in the locker; or alternatively pay Rs. 3,00,000/­ towards the cost

of jewelry, and compensation for damages suffered by the

Appellant.

2.5 The District Forum allowed the complaint and held

Respondent No. 1 liable for deficiency of service, relying upon

Respondent No. 3’s admission that the Bank had inadvertently

broken open the Appellant’s locker though there were no pending

3
rent dues. Further, on the claim for the cost of seven ornaments,

it was held that Respondent No.1 could not prove that there had

been only two ornaments in the locker since there were no

independent witnesses in the presence of whom the locker was

opened. Hence, Respondent No. 1 was directed to return the

entire contents of the locker, or alternatively pay the Appellant

Rs. 3,00,000/­ towards cost of the jewelry and, Rs. 50,000/­ as

compensation for mental agony, harassment, and cost of

litigation.

2.6 On appeal, the State Commission vide order dated

12.10.2004 accepted the District Commission’s findings on the

question of deficiency of service, though it reduced the

compensation from Rs. 50,000/­ to Rs. 30,000/­. However, with

respect to recovery of the cost of the ornaments, the State

Commission, relying upon the judgment of the National

Commission in UCO Bank v. RG Srivastava,1 observed that the

dispute on the contents of the locker can only be decided upon

provision of elaborate evidence. That the Consumer Forum was

not equipped to undertake this evaluation since it only has

jurisdiction to conduct a summary trial. Therefore, the Appellants

1 1996 (1) CPR 97.

4

were directed to approach the civil court for adjudication on the

contents of the locker.

2.7 The Revision Petition against the order of the State

Commission was dismissed vide the impugned order. The

National Commission by the impugned judgment, accepted the

State Commission’s holding on the limited jurisdiction of the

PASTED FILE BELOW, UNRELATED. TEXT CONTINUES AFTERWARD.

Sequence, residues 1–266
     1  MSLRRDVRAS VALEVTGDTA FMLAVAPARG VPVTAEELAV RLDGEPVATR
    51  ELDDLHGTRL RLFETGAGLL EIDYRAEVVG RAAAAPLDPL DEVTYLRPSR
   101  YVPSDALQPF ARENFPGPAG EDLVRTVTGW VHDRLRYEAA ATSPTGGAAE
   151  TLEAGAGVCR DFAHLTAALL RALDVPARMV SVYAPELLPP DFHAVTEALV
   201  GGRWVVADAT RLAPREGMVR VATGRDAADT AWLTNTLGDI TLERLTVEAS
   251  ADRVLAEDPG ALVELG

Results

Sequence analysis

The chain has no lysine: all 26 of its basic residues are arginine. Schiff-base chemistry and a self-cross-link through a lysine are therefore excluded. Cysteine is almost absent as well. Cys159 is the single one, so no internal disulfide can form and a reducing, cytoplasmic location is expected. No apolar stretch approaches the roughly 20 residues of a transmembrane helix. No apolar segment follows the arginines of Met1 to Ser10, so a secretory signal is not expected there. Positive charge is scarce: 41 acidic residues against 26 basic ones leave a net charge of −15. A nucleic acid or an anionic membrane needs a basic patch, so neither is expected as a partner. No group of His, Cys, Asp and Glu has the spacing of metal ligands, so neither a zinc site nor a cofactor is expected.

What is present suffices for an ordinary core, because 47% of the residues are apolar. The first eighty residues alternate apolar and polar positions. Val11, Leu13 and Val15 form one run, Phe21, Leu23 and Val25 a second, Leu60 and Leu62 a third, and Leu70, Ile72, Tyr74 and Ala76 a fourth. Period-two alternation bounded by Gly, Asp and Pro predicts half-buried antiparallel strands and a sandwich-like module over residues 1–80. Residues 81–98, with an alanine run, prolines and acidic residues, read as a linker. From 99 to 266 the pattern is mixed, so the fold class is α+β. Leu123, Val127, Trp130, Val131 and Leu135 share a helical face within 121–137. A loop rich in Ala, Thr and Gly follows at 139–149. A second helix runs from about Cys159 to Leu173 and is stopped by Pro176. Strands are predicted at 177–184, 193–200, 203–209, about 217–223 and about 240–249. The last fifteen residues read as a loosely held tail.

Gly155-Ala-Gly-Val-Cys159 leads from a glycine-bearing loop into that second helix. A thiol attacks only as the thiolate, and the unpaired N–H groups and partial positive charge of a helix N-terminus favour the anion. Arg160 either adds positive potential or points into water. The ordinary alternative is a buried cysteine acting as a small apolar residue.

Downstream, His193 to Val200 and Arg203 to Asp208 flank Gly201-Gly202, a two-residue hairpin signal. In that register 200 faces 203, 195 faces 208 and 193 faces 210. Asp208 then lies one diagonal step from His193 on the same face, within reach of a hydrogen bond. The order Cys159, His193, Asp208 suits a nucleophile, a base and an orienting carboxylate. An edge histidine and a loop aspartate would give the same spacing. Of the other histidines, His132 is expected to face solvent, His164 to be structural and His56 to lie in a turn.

Consumer Forum to adjudicate on the recovery of the contents of

the locker.

Hence, the present appeal.

3. Learned counsel for the Appellant submitted that even if the

case is remitted to the civil court for adjudication on the issue of

the contents of the locker, it would be highly improbable to

ascertain the same since the contents of a locker are exclusively

known only to the locker holder. On the question of damages, he

relied on Charan Singh v. Healing Touch Hospital & Ors.2 to

argue that compensation must be awarded to bring a qualitative

change in the attitude of the service provider.

3.1 Per contra, learned counsel for the Respondents submitted

that the National Commission’s holding does not warrant

interference. He submitted that compensation for the loss of

2(2000) 7 SCC 668.

5

jewellery can only be awarded after appreciation of evidence by

the trial court.

4. Heard Learned Counsel for both parties. Based on a perusal of

the record, the following issues arise for consideration in the

present appeal:

4.1 First, Whether the Bank owes a duty of care to

the locker holder under the laws of bailment or any

other law with respect to the contents of the

locker? Whether the same can be effectively

adjudicated in the course of consumer dispute

proceedings?

4.2 Second, irrespective of the answer to the

previous issue, whether the Bank owes an

independent duty of care to its customers with

respect to diligent management and operation of

the locker, separate from its contents? Whether